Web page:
Another factor is road layouts. Trials are zooming ahead in the US, but the road networks in many American cities are simpler than in the UK, according to Camilla Fowler, head of automation at TRL. “The infrastructure we have actually adds a lot of complexity to the driving task,” she says.

How and why

If we can’t solve all problems through engineering, there are other possibilities. We can limit where the cars are used, cap their speeds, rework roads or pick and choose the elements of automation that do work. There’s more to driverless technology than waiting for engineers to work out the kinks of fully driverless cars: “The question is quite often posed in terms of ‘when we will see driverless cars?’,” says Stilgoe. “I think the real question is actually where and in what form.”

For example, some cars could be geofenced – limited in where they can travel, because the developers know that the system works well enough in a specific area. Or they could be limited to special lanes. “The technology could in some cases need dedicated infrastructure, whether that’s a dedicated lane or smart infrastructure like smart traffic lights,” Stilgoe adds. Researchers at Princeton University have developed radar reflectors to alert automated cars to the presence of pedestrians and cyclists on roads.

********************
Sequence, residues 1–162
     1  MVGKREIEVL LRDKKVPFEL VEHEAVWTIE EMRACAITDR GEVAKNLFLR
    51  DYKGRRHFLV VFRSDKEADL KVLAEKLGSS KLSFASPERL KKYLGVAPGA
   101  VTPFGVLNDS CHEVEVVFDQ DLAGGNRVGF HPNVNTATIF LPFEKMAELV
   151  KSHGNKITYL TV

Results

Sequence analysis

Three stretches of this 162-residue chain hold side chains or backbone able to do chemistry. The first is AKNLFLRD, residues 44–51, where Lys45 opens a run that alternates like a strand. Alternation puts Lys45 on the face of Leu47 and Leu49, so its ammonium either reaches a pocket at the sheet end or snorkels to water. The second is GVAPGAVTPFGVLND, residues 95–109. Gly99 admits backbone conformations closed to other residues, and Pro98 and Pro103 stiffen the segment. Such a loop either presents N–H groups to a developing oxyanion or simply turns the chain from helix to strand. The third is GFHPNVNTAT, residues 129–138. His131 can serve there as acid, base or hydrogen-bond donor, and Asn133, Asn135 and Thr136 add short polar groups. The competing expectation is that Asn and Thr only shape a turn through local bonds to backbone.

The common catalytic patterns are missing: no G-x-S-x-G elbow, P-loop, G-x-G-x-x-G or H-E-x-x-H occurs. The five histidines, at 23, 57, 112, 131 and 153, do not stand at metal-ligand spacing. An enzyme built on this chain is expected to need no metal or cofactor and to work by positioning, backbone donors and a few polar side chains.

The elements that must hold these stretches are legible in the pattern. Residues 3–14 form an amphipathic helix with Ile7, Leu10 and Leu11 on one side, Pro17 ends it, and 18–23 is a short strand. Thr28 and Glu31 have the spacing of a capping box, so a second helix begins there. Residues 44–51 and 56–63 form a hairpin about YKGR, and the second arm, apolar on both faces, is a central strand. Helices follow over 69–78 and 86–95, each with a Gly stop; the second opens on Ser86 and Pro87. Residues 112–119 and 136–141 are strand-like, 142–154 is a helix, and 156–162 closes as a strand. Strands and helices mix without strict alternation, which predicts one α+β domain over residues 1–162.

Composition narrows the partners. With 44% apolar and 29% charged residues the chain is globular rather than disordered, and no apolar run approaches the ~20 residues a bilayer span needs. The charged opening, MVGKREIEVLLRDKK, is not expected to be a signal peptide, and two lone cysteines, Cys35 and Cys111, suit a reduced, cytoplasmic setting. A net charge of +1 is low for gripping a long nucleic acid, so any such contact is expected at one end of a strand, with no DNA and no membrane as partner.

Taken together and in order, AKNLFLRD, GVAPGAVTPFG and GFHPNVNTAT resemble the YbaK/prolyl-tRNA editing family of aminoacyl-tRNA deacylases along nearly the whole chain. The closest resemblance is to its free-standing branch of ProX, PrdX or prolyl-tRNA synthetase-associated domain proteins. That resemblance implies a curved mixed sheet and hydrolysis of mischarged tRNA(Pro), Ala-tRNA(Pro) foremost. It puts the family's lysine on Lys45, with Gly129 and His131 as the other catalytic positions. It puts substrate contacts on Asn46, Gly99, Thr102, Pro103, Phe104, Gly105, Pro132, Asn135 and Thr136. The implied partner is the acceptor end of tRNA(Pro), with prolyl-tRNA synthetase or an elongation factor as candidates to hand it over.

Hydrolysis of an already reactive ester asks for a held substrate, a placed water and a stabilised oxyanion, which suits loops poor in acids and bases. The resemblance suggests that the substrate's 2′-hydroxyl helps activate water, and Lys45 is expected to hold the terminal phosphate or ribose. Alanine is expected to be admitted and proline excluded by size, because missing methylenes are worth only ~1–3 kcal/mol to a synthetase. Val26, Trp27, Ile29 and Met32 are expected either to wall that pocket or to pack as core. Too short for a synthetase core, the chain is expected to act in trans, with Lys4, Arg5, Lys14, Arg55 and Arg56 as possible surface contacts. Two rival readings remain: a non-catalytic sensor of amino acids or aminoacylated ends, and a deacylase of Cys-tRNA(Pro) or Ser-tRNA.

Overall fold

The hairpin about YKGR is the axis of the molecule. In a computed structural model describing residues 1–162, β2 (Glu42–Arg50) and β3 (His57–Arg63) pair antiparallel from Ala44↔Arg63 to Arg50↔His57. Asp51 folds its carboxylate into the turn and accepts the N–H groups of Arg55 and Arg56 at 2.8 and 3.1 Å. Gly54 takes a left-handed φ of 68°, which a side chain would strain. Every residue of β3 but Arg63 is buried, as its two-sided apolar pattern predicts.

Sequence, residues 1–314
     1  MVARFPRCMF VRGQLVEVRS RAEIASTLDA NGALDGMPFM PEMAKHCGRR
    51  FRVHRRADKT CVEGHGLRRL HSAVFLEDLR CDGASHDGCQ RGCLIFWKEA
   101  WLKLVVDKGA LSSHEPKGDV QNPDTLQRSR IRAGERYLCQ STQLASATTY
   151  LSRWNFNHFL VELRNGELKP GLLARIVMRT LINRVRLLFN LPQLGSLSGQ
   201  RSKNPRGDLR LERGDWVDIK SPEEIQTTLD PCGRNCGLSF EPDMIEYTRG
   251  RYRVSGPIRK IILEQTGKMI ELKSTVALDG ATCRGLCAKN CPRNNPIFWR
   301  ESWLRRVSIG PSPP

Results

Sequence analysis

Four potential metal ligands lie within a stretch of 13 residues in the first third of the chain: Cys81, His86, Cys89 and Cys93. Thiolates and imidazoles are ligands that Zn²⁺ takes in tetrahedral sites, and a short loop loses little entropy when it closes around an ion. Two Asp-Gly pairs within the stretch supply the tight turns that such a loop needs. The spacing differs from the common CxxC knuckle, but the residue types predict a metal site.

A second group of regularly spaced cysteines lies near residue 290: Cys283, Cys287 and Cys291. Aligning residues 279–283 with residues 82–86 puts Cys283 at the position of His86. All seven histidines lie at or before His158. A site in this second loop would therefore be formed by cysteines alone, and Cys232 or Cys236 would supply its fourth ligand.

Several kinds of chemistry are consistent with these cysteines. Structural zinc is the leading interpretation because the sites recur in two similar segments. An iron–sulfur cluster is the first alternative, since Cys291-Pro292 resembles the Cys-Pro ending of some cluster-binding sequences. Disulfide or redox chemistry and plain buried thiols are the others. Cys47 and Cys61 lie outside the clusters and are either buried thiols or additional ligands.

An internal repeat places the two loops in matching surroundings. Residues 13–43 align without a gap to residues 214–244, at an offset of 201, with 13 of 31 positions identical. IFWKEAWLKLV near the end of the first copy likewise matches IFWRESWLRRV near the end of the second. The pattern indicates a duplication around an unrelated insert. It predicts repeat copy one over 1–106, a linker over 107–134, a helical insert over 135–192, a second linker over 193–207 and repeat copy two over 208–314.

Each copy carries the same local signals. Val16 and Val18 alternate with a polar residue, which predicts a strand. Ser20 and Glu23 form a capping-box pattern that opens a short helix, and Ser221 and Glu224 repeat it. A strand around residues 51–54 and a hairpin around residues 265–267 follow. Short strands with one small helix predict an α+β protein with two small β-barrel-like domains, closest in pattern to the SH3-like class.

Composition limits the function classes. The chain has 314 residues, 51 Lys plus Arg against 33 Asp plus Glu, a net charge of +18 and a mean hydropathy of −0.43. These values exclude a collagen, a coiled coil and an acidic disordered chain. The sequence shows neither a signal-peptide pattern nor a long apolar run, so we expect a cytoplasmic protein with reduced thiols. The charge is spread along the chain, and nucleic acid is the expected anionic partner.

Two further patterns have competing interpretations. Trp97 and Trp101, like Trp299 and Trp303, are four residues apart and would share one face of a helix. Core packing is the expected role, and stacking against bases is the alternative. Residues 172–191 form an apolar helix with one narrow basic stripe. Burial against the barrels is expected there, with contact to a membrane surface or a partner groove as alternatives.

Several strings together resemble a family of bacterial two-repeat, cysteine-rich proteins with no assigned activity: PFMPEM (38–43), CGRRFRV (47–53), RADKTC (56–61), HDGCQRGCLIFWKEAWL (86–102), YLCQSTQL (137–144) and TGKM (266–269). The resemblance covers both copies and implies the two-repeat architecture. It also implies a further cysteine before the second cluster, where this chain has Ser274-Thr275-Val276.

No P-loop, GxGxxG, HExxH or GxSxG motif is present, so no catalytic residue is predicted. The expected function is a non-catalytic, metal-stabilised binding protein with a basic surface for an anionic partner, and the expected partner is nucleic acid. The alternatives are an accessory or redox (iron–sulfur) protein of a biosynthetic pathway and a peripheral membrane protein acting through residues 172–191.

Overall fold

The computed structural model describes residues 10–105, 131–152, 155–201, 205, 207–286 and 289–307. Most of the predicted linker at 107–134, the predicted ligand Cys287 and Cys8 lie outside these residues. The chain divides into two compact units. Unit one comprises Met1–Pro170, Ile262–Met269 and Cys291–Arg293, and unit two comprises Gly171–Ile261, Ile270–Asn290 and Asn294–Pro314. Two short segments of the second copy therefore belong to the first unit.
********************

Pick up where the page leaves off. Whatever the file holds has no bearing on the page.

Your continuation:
Another step that's already being worked on is permitting an element of driving automation on motorways, but not on roads that are shared with pedestrians and cyclists; “automated lane keeping systems” are set to be approved in the UK this year.

This iterative approach to automated features has already been emerging for some years with computer-aided parking and braking. “I don’t believe people understand that most cars actually already have a level of autonomy,” says Bani Anvari, research leader of the Intelligent Mobility Group at University College London. “We are just gradually increasing this.”

To help understand and manage this process, in 2014 the automotive standards body SAE International produced a classification system detailing six levels of vehicular autonomy. Level zero represents full driver control at all times, while level five would be a car that can drive itself anywhere and everywhere without human intervention. In the short term we can expect to live with cars that are partially automated (level two) or have conditional automation (level three), which means the driver may be asked to retake the wheel. And that’s fine: While lane-changing assistance and keeping a car creeping forward during a traffic jam may not be the stuff of sci-fi films, such features can reduce driver fatigue and exhaustion.

Some tech leaders believe that full autonomy isn’t far off. Back in 2015, Elon Musk declared that self-driving technology was "largely a solved problem", and has since claimed that software updates will make it possible for current Tesla cars to navigate roads wholly unaided. Indeed, beta testers already have access to a “full self-driving” mode – although in paperwork filed to the California Department of Motor Vehicles the company has admitted that this is actually level-two autonomy requiring human supervision.